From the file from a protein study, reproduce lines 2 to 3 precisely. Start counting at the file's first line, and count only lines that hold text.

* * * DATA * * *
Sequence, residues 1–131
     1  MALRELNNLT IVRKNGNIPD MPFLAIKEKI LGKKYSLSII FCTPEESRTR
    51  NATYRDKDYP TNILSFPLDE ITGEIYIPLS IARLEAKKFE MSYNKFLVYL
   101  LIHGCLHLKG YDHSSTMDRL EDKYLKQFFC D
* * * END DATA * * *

     1  MALRELNNLT IVRKNGNIPD MPFLAIKEKI LGKKYSLSII FCTPEESRTR
    51  NATYRDKDYP TNILSFPLDE ITGEIYIPLS IARLEAKKFE MSYNKFLVYL